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SKETCHES OF COURT: Jury awards $5.7 million in 2006 school bus tragedy

November 4, 2016 By Alba Acevedo Brooklyn Daily Eagle
Court sketch by Alba Acevedo
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In this courtroom sketch, Hon. Genine Edwards listens as plaintiffs’ attorney Michael Feldman (standing), of the law firm Jacoby & Meyers sums up his arguments to the jury in the wrongful death trial Sadiq, et al, v. Jofaz Transportation Inc., et al. 

In the tragedy that garnered media attention 10 years ago, Amber Sadiq was an 8-year-old schoolgirl in the path of a runaway bus. The unattended yellow school bus had been parked on Nostrand Avenue in Crown Heights but was broken into through the emergency exit doors, which in accordance with the law were kept unlocked. A troubled 8-year-old intruder, playing bus driver, then managed to release the emergency brake. He fled but the heavy bus was on a grade, and within a short distance had rolled to where the girl had just crossed the street while holding hands with her brother. The boy escaped injury, but his sister was pinned under a wheel and died. 

The plaintiffs are Amber Sadiq’s parents, as administrators of the estate, and the now 20-year-old brother, who was himself in the zone of danger at the time of the accident. The defendant driver, bus company and truant boy are represented by Carl Schaerf (seated) of the law firm Schnader Harrison Segal & Lewis. At right is co-counsel Allison Fihma-Drachman.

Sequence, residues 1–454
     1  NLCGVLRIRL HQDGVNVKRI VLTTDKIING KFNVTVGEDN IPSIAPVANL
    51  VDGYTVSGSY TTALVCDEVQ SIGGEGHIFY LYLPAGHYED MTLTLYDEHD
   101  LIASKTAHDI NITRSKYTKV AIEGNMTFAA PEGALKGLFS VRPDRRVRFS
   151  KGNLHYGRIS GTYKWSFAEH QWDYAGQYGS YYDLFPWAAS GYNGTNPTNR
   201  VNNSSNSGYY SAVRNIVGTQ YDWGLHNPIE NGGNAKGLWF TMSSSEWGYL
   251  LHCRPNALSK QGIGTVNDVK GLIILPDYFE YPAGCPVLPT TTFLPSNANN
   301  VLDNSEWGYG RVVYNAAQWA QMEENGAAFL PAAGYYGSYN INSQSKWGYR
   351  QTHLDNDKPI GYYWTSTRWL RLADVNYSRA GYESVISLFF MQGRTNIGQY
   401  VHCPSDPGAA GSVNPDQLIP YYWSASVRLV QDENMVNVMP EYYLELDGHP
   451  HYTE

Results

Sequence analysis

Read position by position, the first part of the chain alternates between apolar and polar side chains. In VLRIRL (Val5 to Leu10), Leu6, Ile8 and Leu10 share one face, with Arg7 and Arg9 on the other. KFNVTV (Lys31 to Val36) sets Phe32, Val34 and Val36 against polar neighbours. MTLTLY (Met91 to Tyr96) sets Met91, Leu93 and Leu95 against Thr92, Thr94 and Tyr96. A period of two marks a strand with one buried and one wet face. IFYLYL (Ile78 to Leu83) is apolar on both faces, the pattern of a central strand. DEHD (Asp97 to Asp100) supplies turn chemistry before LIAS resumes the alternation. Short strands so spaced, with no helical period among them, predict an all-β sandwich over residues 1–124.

Feldman sought to implicate the bus company as negligent in the training of the driver, who would be in violation of Sec. 1210a of the Vehicle and Traffic Law if he failed to turn the wheels to the curb when he parked the bus. Feldman further claimed that Amber had 12 minutes of conscious pain and suffering before she died and that her brother suffers from severe psychological disorders as a result of the incident. 

Schaerf maintained that Sadiq died almost instantly. He disputed any negligence on the part of the defendant bus company and driver and alleged that Sadiq’s brother, while understandably affected by the incident, was not seriously and verifiably injured by the experience to support his claim for emotional damages. 

The jury returned a plaintiffs’ verdict, finding the defendant bus driver in violation of Sec. 1210a and, together with Jofaz Transportation Inc., 40 percent responsible for the accident. The boy who released the brake did not appear in court but was found 60 percent responsible. The jury awarded damages in the amount of $5 million to the estate of Amber Sadiq, and awarded a total of $700,000 for past and future pain and suffering to her brother. Court reporter Stacy Constantine (at left) recorded the proceedings in the trial that resolved this week in Kings County Civil Term. Post-trial motions are pending. 


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